Efforts under way in Dorset mean adults with Asperger syndrome no longer have to go without the support they need
Many adults with Asperger syndrome face inequalities in the health and social care treatment they receive. Many are losing out because of a lack of clear local strategies and pathways. In the meantime, some people are inappropriately referred into already overworked local mental health and learning disability services. This means that some adults with the syndrome can slip through the net.
In November 2006, the Department of Health published Better Services for People with an Autistic Spectrum Disorder, which clarified expectations of service delivery for those on the autistic spectrum. The guidance aimed to encourage people in the health and social care field to take action and address the issues facing those with Asperger syndrome. It identified the need for statutory services to work more closely together to develop strategies and plans to provide the appropriate care.
Dorset Healthcare foundation trust is working with primary care trust and local authority commissioners to develop and enhance care available to people with Asperger syndrome throughout the county. Clinical psychologist Karen Sutton is spearheading work to develop a multi-agency diagnostic and support pathway.
Dr Sutton says: "In Dorset, we are already well on the way to developing comprehensive services for children and young people. However, we need adult services to be developed in parallel so those reaching adult age continue to get care based on their individual needs and don't become overlooked because they are no longer eligible for children's services."
Work on the pathway started with an independent needs assessment jointly commissioned by most of the county's health and social care commissioners and the trust. This found pockets of good practice across the work of the organisations, including an Asperger's specialist social worker in the Bournemouth social inclusion team and a clinical psychologist funded part time by the foundation trust to develop services and provide diagnosis and consultation and supervision, as well as training to different agencies throughout the county.
Having a part-time psychologist dedicated to Asperger's has resulted in more professionals developing an interest in the syndrome and providing more services through existing teams. However, service provision is inconsistent across the county because many of these services are ad hoc and lack strategic commissioning to drive the right approach. This lack of consistency also means that for many there is no clear service pathway available to those with the syndrome (and their families) and access to diagnosis and assessment is erratic, with very little treatment or therapy.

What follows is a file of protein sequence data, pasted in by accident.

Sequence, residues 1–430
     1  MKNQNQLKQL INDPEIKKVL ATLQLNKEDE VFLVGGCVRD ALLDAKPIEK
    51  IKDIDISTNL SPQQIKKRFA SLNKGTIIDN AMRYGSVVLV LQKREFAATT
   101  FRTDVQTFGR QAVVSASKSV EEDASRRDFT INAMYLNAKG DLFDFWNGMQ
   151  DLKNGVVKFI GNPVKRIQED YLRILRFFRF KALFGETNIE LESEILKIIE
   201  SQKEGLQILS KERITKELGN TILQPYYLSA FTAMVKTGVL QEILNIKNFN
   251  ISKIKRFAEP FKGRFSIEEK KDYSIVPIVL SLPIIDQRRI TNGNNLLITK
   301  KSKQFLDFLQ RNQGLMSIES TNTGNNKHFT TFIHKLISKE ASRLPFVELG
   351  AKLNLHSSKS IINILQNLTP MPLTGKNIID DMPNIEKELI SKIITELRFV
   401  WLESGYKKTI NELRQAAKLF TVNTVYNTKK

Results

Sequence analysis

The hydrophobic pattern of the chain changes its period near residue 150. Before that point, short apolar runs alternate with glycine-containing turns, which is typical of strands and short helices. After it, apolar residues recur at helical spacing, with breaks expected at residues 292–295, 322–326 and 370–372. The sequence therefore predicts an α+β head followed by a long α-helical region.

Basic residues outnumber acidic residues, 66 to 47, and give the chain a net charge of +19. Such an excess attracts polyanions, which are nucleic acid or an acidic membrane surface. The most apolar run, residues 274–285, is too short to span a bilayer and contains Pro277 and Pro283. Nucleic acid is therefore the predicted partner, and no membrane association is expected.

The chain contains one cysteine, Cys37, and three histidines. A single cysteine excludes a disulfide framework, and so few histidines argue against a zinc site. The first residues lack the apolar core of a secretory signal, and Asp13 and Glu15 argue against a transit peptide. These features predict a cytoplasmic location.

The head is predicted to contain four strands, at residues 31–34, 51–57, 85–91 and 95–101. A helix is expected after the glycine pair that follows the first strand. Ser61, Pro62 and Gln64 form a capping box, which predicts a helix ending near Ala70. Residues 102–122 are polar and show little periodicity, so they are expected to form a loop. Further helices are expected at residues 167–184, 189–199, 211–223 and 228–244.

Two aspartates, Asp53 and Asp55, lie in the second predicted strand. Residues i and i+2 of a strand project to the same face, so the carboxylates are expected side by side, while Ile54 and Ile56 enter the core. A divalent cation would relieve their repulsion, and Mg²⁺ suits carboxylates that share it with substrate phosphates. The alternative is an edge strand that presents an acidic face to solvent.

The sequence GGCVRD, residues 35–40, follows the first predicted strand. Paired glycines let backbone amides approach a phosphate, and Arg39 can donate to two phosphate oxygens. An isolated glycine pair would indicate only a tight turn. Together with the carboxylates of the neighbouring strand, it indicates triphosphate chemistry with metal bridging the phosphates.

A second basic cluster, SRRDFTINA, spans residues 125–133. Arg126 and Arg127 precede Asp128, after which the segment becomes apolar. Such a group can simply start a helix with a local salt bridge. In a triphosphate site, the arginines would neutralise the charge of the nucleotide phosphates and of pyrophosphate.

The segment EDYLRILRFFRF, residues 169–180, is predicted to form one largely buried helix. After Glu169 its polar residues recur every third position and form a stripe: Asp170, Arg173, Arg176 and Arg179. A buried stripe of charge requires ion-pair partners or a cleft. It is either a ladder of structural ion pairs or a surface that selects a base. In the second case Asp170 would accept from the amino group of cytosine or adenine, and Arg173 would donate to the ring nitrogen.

The condition varies greatly and many adults with the syndrome do not need support from social or healthcare or other services. For others, practical problems with day to day functioning, sensory problems or social isolation result in risks to their health and independence, but these can be managed with minimal intervention.
In a small but significant minority of cases, people can become vulnerable and isolated, and become an extreme risk to themselves and others. A few may be involved in repeated inpatient admissions, or in the criminal justice system. In Dorset, the needs assessment found many adults require a low level of support to access employment and live independently and need guidance and help with social integration - but were not getting this, increasing the risk of deterioration and greater pressure on existing services in the long run.
"It's important the infrastructure and multi-agency liaison is in place to cater for people's specific needs," says Dr Sutton. "Many people with Asperger's also suffer from other health problems and these conditions need to be treated in addition to the syndrome."
Dorset Healthcare is now working in partnership with commissioners and other health and social care organisations in the county to develop a specialist team to treat adults with the syndrome, to improve inter-agency working and to enhance knowledge about it.
"By carrying out this review, we have raised awareness of the needs of adults with Asperger syndrome among PCT and local authority commissioners and have together developed initial plans for a diagnostic and support care pathway that is currently under multi-agency discussion," says Dr Sutton. "The work has also clearly identified the role of practitioners in mental health teams, and a programme of training is being planned to enhance the skills of practitioners across all agencies. Some training has already taken place and a greater number of people with Asperger's are being seen appropriately within existing teams for diagnosis, social care needs assessment and therapy for mental health problems."
Carers and adults with the syndrome are now being supported by local health and social care agencies to develop two support groups across the county, with the aim of sharing good practice as well as access to better advice. A database will be built of all adults with the syndrome in the county.
STEP UP YOUR SERVICE
Complete a needs assessment which is jointly "owned" by all relevant agencies
Involve service users and carers at all stages of consultation and planning
Develop a clear referral pathway for assessment and treatment
Develop services that provide support to access employment, support to live independently and support to develop social coping skills and reduce isolation
Ensure the service is jointly commissioned with shared goals and service outcomes
Do not accept that this is a mental health or a learning disability problem - people with Asperger syndrome need and deserve help in their own right
Perseverance and determination are vital - never give up